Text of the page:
Off to Buy a Victory Bond!

Only the other day 1,000 landscape artists participated in a painting ‘fest’ on the cliffs of Cornwall to draw attention to the steady erosion of the natural environment that was the inspiration for their works. It drew the world’s press if only to record a ‘Guinness’ moment and, although most who participated would be dismissed as ‘amateur’ artists, amongst the throng there would also be a handful of ‘true’ artists whose works would find a place in the finest galleries.

Everyone experiences the world but only a few see it, and it takes the skill of a ‘true’ artist to stop the viewer in their tracks to consider what they are looking at. It could be the random composition and striking colour palate of Jackson Pollock's ‘Blue Poles’ or the distressed form of the horse in Picasso’s ‘Guernica’ that has captured the individual’s creative spurt or a picture-book political treatise on the ugliness of war that even a sociopath would understand.

It is the ‘finished’ work that offers the public a glimpse into the mind of the artist, but it is often the studies or preparatory sketches that show the intellectual struggle that led to a masterpiece.

William Dobell was a ‘true’ artist best known for his controversial ‘caricature’ of ‘Joshua Smith’ that took out the Archibald ‘Portrait’ Prize in 1943 after withstanding a legal challenge by fellow artists offended by his 'modernist' take. The painting is now a prize exhibit at the Art Gallery of New South Wales which also stores in its archives the important working sketches that Dobell drew on to complete his work.

That Dobell himself valued his sketches as intimate works of art is evidenced by his “season’s greetings” to “Mr & Mrs Pitt” signed simply "Bill Dobell." “I’ve not forgotten my promise of (a) sketch. Will be seeing you again in March” he wrote affectionately to his friends.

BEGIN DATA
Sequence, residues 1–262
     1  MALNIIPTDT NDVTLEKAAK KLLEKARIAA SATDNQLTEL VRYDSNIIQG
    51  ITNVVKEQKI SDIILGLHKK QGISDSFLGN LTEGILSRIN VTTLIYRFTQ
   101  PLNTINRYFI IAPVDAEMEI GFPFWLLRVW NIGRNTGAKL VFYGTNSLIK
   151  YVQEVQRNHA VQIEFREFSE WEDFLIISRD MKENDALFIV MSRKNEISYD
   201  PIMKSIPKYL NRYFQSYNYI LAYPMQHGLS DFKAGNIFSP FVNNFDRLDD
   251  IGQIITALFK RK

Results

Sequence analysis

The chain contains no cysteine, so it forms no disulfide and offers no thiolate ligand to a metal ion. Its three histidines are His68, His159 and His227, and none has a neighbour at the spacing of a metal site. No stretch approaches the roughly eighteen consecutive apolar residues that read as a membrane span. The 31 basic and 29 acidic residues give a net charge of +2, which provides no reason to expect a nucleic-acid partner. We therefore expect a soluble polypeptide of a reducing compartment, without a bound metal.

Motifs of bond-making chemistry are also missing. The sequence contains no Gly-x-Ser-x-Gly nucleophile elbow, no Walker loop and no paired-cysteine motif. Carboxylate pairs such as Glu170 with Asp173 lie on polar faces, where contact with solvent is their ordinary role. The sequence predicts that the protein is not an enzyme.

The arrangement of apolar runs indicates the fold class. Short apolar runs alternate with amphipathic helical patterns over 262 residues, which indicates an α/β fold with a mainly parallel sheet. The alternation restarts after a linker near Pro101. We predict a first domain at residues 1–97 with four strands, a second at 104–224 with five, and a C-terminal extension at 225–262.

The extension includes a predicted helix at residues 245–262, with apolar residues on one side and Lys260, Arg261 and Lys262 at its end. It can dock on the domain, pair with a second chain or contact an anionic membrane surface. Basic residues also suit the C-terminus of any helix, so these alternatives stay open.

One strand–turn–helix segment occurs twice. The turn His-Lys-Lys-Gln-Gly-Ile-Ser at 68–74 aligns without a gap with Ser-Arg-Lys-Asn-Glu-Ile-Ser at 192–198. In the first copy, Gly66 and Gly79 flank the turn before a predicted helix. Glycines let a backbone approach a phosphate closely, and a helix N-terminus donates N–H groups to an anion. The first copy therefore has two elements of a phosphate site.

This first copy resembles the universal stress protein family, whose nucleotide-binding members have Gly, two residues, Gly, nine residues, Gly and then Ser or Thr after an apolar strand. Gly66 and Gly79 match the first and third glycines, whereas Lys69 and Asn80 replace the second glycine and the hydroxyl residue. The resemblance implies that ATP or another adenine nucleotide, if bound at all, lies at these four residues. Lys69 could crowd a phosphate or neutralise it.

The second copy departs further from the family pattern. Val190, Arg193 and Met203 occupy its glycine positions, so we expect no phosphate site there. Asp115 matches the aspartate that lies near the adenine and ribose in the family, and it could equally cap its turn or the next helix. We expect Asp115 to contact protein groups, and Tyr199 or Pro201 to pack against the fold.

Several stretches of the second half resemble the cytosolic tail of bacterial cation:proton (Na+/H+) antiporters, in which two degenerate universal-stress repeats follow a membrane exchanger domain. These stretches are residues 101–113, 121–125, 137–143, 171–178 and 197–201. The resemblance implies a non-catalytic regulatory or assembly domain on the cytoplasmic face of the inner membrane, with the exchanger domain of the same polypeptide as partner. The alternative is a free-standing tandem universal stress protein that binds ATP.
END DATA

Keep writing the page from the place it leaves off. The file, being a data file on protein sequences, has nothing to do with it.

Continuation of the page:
His sketch in our sale titled ‘Gone to Buy a Victory Bond’ beautifully captures the loneliness of War.

So, while Australians set off to do their patriotic duty, at home sat an empty table festooned with bottles and wine and beer glasses with a celebratory cake missing just one slice and facing a single chair. Was the artist musing on the solitary ritual of celebrating an anniversary while a beloved husband, son or lover served overseas. And was the sudden act of the lonely-heart upping to buy a victory bond an empty gesture to speed up their return. Dobell himself changed his mind about the composition mid-stream penning in the cake over an unopened 'box of chocolates' to give the scene added poignancy.

The sketch represents a reflection of unsettled times when victory against the Japanese was hoped for but was not necessarily expected after the fall of the British stronghold of Singapore in 1942. Sometimes the artist can sum it all up with a few unfettered lines on a page as occurred with ‘Off to Buy a Victory Bond,’ which features in Sale 50.

It is certainly not a masterpiece, but it is an intriguing glimpse into the mind of a creative genius.